What: Through music, narrative, and dance, William Hooker tells the story of African-American migration from 1935 to 1950.
When: Thursday, April 5, 2018, 8pm
Where: Roulette, 509 Atlantic Ave Brooklyn, 2/3/4/5/A/C/G/D/M/N/R/B/Q trains & the LIRR
Cost: $20 Online, $25 Doors
Info: www.roulette.org / (917) 267-0368
Brooklyn, NY — Avant-garde percussionist William Hooker offers a multi-disciplinary contemplation and exploration of African-American migration from the American South to points north during the years 1935–1950. The Great Migration features music (with veteran performers like William Parker and David Soldier), dance, video, and narratives from 97-year-old Alton Brooks and Nannie Lampkin, who experienced this historical period firsthand.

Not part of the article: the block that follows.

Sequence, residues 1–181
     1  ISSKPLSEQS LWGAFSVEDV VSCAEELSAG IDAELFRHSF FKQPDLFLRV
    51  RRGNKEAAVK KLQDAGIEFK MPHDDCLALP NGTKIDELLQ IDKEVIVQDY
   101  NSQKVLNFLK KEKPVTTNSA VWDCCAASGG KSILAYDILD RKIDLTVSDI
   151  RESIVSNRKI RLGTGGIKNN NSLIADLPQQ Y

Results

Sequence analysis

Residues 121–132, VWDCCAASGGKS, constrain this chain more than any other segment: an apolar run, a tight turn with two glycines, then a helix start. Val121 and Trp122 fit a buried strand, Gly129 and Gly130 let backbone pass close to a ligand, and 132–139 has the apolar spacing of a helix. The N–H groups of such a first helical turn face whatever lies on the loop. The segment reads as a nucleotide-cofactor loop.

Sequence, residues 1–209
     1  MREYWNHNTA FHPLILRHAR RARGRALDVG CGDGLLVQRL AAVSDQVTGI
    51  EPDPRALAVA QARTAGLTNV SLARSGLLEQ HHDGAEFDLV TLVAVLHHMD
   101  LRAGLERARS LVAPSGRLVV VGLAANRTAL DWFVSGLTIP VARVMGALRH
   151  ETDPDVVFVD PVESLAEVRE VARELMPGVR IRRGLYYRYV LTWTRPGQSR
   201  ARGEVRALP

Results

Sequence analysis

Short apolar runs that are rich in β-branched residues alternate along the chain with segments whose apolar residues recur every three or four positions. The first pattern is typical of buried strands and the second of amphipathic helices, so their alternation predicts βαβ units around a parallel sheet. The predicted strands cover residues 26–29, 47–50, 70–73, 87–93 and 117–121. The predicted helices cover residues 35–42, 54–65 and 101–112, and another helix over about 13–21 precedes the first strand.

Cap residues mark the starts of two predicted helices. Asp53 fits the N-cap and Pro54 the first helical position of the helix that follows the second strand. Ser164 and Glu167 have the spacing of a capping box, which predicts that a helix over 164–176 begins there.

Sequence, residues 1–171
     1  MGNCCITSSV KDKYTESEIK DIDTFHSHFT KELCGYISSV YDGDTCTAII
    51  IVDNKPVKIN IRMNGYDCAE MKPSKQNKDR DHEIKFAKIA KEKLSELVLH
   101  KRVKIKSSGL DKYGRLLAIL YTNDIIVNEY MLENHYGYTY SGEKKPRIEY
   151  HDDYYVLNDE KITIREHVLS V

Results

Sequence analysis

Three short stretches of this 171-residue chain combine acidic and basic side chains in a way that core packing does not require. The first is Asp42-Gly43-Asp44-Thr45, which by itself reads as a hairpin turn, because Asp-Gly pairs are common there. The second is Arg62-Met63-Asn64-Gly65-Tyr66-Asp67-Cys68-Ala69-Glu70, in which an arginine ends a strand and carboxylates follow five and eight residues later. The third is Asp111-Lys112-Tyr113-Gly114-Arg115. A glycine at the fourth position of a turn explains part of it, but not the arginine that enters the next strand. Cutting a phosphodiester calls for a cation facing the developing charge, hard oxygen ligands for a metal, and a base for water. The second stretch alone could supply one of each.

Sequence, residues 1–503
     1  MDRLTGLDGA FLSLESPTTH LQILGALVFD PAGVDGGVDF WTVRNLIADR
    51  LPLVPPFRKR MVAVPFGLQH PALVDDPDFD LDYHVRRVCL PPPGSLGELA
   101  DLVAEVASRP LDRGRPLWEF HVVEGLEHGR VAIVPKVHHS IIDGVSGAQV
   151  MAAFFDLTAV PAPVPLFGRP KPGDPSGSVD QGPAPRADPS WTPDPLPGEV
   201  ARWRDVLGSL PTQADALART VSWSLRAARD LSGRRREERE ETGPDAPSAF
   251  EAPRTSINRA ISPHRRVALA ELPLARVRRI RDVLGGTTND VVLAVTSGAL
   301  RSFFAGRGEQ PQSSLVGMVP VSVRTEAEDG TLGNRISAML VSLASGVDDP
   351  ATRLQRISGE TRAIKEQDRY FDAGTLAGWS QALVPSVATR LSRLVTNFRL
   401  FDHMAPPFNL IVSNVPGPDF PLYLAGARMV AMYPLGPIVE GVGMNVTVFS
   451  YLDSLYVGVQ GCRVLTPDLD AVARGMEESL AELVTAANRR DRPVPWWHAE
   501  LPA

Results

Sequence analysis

A body of uninterrupted work beginning in the mid-seventies defines William Hooker as one of the most important composers and players in jazz. As bandleader, Hooker has fielded ensembles in an incredibly diverse array of configurations. Each collaboration has brought a serious investigation of his compositional agenda and the science of the modern drum kit. As a player, Hooker has long been known for the persuasive power of his relationship with his instrument. His work is frequently grounded in a narrative context. Whether set against a silent film or anchored by a poetic theme, Hooker brings dramatic tension and human warmth to avant-garde jazz. His ability to find fertile ground for moving music in a variety of settings that obliterate genre distinctions offers a much-needed statement of social optimism in the the arts.
William Hooker – Percussion
Ras Moshe – Reeds, Flute
Eriq Robinson – Electronics, Images
Mark Hennen – Piano
Goussy Celestin – Narrator, Dance
William Parker – Bass
David Soldier – Violin, Banjo
Ava Mendoza – Guitar
Alton Brooks & Nannie Lampkin – Primary Narratives